Narsenayque was well pleased to listen to this treason and to hear of the evil deed which this captain planned, and he showed him much favour. The captain disappeared after some days from where Narsenayque was, feigning to have fled; and he came to Penagumdy, where in a few days his arrival was known; and he set about and put in hand all those things that had been arranged. Every day he showed the King a letter, one day from a captain of one fortress, the next day another from another captain; and the King, understanding the plots contained in the letters so shown, replied that the counsel and advice seemed good, and yet how could he resist the power of Narsenayque, who, besides being minister of the kingdom, had (possession of) all the horses and elephants and treasure, so that he could at once make war against him? “True it is, Sire, that which thou sayest,” answered the traitor, “and yet he is much misliked by all the captains who raised thee to be king, and as soon as they shall see thee in Chaodagary”[511] (which was a fortress whither he had advised him to flee, being one which up to that time was independent), “all will flock to thine aid, since they esteem it a just cause.” Said the King, — “Since this is so, how dost thou propose that I should leave this place, so that my going should not be known to the guards and to the 20,000 men who surround me in this city?” “Sire,” he replied, “I will disclose to thee a very good plan; thou and I will go forth by this thy garden, and from thence by a postern gate which is in the city (wall), and which I know well; and the guards, seeing thee alone without any following, will not know that it is thou, the King, and thus we shall pass to the outside of the city, where I will have horses ready that will take us whithersoever it seemeth good to thee.” All this pleased the King well, and he placed everything in his hands; and, seeing fulfilled all his desire, the captain spoke with those men who guarded that part of the garden by which he wished that the King should fly, and which was near the King’s own houses, (for into this garden the King often went to amuse himself with his wives, which garden was at that part guarded by a matter of 300 armed men) and to these men he spoke thus, saying to them: — “If ye shall happen to see me pass by here on such a night and at such an hour, and if ye shall see a man coming with me, slay him, for he well deserves it of me, and I will reward ye;” and they all said that that would be a very small service to do for him. When that day had passed the traitor went to the King and said to him: — “Sire, do not put off till to-morrow that which thou hast to do to-day; for I have the horses ready for thy escape, and have planned so to escort thee forth that even thy ladies shall not be aware of thy departure, nor any other person. Come, Sire, to the garden, where I will await thee.” The King replied that his words were good and so he would do, and as soon as night was come and the hour arrived, the King went carefully out, and still more careful was he who for some time had awaited him; and he gave signal to the armed men, and as soon as he was come to the garden he passed between two of them who were the guards, and they threw themselves on the King and slew him, and forthwith buried him at the foot of a tree in the same garden. And this being accomplished without their knowing whom they had slain, the traitor gave them his thanks, and returned to his inn to make ready to leave the city, and also so as not to give cause for talk therein. And the next morning it was found that the King was missing; and though searched for throughout all the city no news of him could be heard, all the people thinking that he had fled somewhere, whence he would make war on Narsenayque. And to Narsenayque the news was straightway brought, and he, feigning much sorrow at it, yet made ready all his horses and elephants in case the kingdom should be plunged into some revolution by the death of the king; although as yet he knew not for certain how the matter stood, save that the King had disappeared. And afterwards the man came who had killed the King, and told him how it had been done and how secretly he had been slain, so that even the very men who had killed him knew not who it was; and Narsenayque bestowed upon him rich reward. And since there was no news of the King, and he holding everything now under his hand, he was raised to be king over all the land of Narsymga.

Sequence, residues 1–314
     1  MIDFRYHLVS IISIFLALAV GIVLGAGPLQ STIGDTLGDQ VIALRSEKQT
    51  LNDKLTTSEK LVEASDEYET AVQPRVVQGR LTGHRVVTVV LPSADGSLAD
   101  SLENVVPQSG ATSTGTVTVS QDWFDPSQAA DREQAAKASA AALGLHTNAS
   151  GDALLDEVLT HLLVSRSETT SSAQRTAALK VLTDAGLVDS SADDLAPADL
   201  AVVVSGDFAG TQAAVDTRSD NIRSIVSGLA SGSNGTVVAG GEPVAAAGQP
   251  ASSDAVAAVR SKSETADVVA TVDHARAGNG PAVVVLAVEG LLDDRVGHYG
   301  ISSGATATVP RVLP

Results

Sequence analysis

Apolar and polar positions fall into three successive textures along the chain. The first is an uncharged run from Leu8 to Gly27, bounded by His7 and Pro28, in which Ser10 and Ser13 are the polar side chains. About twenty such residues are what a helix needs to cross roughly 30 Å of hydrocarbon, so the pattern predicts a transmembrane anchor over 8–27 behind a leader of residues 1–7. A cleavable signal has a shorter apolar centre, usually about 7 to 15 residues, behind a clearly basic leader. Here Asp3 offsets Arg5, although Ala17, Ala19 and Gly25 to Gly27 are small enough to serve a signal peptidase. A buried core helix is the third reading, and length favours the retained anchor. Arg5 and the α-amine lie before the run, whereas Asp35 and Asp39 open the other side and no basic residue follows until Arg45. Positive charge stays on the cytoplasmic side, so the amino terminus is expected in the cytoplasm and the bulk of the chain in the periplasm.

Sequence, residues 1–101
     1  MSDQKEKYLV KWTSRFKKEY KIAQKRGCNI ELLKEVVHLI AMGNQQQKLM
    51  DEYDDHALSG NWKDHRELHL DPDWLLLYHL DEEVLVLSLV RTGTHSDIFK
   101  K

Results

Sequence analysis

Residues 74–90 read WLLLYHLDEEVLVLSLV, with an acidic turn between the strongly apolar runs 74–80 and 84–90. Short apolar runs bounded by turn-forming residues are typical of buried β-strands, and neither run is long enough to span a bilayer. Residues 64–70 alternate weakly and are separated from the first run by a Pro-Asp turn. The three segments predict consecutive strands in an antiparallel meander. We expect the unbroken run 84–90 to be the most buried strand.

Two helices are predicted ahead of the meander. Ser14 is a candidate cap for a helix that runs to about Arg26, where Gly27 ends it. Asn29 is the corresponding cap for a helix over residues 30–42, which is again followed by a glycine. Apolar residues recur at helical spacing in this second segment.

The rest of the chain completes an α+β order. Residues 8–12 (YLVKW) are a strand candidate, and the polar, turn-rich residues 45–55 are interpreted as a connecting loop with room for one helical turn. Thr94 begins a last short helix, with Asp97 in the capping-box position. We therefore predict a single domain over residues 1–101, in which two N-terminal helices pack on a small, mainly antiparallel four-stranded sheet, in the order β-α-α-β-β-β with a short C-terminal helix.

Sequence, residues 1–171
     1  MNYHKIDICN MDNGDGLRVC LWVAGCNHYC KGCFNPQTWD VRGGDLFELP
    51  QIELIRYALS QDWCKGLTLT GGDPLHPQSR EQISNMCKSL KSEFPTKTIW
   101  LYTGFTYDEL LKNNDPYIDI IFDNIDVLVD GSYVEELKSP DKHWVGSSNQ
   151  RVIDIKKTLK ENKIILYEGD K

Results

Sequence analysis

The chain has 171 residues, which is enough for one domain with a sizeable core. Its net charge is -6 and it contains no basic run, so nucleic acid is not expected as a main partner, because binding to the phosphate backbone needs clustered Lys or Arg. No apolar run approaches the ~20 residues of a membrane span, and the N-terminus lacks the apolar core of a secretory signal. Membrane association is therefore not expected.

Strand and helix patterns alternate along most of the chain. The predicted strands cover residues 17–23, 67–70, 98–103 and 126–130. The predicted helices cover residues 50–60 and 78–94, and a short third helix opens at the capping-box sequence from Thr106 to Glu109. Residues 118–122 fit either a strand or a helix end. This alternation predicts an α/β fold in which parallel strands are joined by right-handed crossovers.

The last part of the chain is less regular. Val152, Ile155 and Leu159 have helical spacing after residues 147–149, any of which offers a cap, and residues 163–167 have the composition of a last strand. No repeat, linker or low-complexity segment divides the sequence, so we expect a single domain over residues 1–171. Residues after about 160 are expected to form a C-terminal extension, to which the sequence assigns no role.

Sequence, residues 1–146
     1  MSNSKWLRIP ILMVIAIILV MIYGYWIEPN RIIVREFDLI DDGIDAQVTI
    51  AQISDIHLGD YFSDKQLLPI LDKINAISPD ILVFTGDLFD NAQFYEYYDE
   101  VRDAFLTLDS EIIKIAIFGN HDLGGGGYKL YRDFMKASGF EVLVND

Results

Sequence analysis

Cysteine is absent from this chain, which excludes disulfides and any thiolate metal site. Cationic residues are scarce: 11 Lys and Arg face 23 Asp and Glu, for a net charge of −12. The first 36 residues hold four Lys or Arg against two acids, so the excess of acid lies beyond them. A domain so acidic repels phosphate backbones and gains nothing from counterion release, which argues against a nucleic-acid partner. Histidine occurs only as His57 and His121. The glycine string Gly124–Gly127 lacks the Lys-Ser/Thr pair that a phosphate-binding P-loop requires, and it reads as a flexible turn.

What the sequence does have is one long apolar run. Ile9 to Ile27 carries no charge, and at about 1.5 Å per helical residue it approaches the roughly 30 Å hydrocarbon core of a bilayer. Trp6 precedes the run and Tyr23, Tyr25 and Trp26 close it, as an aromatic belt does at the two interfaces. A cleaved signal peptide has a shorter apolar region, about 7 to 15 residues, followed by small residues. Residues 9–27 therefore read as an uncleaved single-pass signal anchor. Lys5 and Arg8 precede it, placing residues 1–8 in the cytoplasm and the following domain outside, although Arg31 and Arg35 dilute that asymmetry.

And this king left at his death five sons, one was called Busbalrao, and another Crismarao, and another Tetarao, and another Ramygupa and another Ouamysyuaya.[512]